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Natural remedies for seasickness

Why do people get seasick and how to avoid symptoms

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Are you about to leave for your sailing adventure but fear the unavoidable symptoms of seasickness? We've got you covered! Look forward to a summer of fun and relaxation and say goodbye to nausea and dizziness: these are the best natural remedies for seasickness, share them with your crew or anyone who avoids being on the water to prevent this condition. 

First of all, seasickness can affect any sailor - no matter how often you have been and are on the water without any problems. The symptoms range from frequent yawning to dizziness and severe vomiting. This can make you miss the fun of the most beautiful time of the year on the water, and your passion for sailing grows manageable.

But what is the actual cause? The cause of seasickness is a condition of our brain. If the eyes deliver different information than the organ of balance in the ear or the muscles and joints, the body reacts in a correspondingly confused way and produces stress hormones, such as histamine.

This is not a new phenomenon of course - ever since the early days of seafaring, a wide variety of natural remedies and tricks have been developed to alleviate seasickness and its symptoms. You don't always have to take hard drugs, which often make you tired or cause other side effects in the body. Why not experiment with home remedies first, which may not always work for everyone, but at least for some of those who suffer?*

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1. GINGER

Ginger has long been a proven household remedy to inhibit nausea - and is therefore particularly helpful in severe cases of seasickness. However, it is best consumed as a preventive measure before the first symptoms appear. The form does not matter: whether in tea, raw in fine slices, or as a powder in capsules, the effect remains almost the same.

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2. PRESSURE POINTS 

Traditional Chinese medicine suggests that applying pressure to a specific point called "pericardium 6," "P6," or "Nei-guan" on the inner side of the forearm, approximately two inches above the wrist crease and between the two tendons may alleviate nausea. Although there is limited research on the effectiveness of acupressure for motion sickness, preliminary studies on postoperative nausea and vomiting suggest that acupressure may be helpful in reducing nausea.

The P6 point can be stimulated by applying pressure with the index finger of the opposite hand, or through the use of acupressure wristbands commonly known as "sea bands". These bands are worn on the forearm and have a plastic button or bead that applies pressure to the P6 point. The person wearing the band can also press on the bead for further stimulation. These bands are affordable, typically costing under $10 for a pair, and can be purchased online or in select health food stores.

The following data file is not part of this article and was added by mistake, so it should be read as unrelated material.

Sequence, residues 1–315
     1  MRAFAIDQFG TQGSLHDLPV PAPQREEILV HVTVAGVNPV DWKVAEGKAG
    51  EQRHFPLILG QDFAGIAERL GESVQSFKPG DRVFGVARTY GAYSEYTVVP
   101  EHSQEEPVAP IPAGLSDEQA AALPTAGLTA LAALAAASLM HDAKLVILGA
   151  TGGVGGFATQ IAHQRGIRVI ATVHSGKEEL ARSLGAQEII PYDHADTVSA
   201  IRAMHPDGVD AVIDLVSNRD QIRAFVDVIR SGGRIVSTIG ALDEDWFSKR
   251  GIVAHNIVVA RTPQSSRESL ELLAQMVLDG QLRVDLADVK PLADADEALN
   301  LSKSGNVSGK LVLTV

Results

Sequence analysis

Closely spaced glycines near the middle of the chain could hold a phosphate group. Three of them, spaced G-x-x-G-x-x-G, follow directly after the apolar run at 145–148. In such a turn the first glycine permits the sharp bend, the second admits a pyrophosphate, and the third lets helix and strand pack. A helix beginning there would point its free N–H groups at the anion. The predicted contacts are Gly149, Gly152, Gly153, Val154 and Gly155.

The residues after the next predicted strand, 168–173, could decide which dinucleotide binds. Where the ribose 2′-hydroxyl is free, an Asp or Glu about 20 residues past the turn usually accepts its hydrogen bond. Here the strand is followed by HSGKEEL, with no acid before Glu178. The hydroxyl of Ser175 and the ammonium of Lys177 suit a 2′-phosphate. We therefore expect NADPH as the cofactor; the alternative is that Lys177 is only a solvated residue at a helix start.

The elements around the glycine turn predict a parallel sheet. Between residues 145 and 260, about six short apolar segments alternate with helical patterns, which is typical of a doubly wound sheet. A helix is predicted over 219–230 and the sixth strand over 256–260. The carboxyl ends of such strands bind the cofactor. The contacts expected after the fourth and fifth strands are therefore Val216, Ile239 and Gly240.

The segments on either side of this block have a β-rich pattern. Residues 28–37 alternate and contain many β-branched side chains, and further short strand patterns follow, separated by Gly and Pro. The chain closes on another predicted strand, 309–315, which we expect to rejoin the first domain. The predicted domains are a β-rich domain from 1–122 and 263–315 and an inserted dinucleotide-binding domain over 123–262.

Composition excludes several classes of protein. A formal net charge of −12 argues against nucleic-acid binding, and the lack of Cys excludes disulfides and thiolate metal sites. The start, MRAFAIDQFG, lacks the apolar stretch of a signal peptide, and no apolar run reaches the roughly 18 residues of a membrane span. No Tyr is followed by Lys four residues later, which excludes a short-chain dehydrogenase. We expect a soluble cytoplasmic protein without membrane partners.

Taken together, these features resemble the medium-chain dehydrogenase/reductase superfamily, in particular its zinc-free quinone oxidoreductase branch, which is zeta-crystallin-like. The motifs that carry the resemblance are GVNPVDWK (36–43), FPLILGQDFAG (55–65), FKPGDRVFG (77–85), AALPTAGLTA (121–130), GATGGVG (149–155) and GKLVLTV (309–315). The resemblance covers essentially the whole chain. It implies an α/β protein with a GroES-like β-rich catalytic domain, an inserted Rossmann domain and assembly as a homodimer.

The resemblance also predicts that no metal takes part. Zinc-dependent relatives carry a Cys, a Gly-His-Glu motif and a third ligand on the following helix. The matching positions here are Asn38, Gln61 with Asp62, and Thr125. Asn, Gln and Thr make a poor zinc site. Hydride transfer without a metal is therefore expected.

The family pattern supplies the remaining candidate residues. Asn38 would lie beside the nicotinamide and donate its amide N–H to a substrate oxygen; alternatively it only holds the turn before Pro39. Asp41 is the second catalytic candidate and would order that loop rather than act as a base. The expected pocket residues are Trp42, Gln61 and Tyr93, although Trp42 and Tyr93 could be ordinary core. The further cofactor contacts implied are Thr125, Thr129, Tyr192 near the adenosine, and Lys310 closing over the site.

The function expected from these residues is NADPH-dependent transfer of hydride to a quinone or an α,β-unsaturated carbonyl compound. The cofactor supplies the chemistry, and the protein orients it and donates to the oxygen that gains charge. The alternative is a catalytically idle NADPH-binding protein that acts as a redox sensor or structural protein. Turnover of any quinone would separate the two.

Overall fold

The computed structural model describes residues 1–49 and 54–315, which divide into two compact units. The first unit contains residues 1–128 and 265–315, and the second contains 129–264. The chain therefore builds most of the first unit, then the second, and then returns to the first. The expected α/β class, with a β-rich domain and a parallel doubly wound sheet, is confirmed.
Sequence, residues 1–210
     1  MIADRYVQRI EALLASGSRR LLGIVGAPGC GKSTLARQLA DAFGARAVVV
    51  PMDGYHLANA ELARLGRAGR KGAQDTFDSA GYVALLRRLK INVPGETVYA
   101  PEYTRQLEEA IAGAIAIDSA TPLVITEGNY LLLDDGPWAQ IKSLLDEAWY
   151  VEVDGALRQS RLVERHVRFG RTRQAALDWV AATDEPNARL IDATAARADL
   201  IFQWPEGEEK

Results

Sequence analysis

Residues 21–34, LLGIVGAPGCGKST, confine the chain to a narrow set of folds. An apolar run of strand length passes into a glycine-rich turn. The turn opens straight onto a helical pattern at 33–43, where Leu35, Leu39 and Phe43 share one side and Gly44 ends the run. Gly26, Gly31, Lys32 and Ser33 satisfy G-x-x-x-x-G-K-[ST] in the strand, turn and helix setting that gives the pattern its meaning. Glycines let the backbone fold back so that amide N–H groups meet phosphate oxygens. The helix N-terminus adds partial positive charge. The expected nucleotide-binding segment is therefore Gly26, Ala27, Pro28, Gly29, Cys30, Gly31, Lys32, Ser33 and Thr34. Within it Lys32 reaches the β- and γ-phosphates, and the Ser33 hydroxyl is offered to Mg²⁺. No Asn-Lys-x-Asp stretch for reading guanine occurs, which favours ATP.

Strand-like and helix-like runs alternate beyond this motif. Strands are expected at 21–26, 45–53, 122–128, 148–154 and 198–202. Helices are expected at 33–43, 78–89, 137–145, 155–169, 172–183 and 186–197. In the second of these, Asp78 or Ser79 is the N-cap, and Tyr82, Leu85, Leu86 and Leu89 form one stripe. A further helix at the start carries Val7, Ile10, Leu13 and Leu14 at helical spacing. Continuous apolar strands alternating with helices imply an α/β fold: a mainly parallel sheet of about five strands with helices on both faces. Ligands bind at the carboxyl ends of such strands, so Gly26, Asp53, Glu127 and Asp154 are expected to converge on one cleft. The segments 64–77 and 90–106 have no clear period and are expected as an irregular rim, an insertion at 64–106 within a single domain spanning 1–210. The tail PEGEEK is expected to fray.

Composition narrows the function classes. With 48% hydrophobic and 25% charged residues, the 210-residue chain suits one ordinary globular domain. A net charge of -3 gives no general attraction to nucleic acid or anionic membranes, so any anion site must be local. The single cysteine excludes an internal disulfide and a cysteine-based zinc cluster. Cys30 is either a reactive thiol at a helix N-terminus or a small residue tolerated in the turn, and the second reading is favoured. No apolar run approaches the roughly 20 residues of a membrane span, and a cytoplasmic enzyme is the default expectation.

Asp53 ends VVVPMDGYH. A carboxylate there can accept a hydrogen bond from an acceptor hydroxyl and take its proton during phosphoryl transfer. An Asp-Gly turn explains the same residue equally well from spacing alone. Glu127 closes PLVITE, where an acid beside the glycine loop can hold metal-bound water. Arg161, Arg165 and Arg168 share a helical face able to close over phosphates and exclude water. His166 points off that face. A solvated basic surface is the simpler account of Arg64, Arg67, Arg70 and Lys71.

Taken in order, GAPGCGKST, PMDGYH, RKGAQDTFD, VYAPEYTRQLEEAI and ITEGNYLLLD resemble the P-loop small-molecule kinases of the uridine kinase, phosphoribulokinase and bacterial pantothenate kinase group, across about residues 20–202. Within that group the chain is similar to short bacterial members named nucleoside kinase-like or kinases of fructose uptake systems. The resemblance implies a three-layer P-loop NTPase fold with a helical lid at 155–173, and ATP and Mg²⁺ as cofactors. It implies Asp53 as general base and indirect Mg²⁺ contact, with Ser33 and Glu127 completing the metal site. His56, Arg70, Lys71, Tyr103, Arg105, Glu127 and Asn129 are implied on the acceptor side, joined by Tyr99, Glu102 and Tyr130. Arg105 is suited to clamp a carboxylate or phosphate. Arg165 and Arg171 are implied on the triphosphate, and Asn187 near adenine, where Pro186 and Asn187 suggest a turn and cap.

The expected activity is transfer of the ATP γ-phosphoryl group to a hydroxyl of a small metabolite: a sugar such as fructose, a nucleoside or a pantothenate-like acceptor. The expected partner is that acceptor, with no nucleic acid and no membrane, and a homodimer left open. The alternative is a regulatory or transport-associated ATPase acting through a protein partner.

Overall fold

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3. VITAMIN C

The cause of seasickness is thought to be histamines, messenger substances of the nervous system, which are produced more by the body during seasickness due to stress. Another approach to avoid seasickness is therefore to reduce histamine levels - for example, by consuming high doses of vitamin C, whether from foods such as citrus fruits or other sources, preferably before the first symptoms appear.

Avoiding foods that contain histamine is also beneficial. These include red wine, smoked meats, salami, ham, fish, seafood, hard cheeses, sauerkraut, pickled vegetables, beer, yeast, and vinegar. If you are susceptible, it is better to avoid these.

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4. HOMEOPATHY

Although the effect of homeopathic remedies is medically controversial, some hit by seasickness report their effectiveness: Cocculus LM12, Tabacum LM12, Vomitus Heel, Vertigo Heel, and Nux Vomica, among others, are said to provide relief and also alleviate acute symptoms. Whether this is based on the placebo effect or an actual medical effect remains to be seen - the main thing is that it helps!

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5. PLUGGING AN EAR

It sounds crazy, but it really helps some people: It is reported that seasickness does not occur if one (!) of the two ears is plugged with an earplug. This makes the brain believe that there is a problem with hearing, and for this reason, the opposing sensory impressions are blocked out.

Since the brain is primarily occupied with the different ear signals, the confusing signals are not processed, there is no stress, no histamine, and consequently no seasickness - so the theory goes. None of us have tried this trick ourselves yet, but many a sea dog swears by it!

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6. HORIZON MAY HELP

Last but not least, it has to be said that the psyche also plays an important role in seasickness. If you only mentally deal with the danger of nausea during the entire cruise, you will probably actually feel bad. That's why some distraction is good here: the famous look at the horizon or taking on a meaningful task on deck - the main thing is that your thoughts don't only revolve around seasickness.

Sleep is also helpful in alleviating the first symptoms. If you sleep, you won't suffer from nausea, and for the rest of the time: just try to stay loose and relaxed.

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*This article is not intended as medical advice of any kind. Therefore Sailogy does not assume any liability and/or responsibility for any income or use by our readers. For potential side effects and interactions, it is highly recommended to consult medical professionals or appropriate authorities or institutions.

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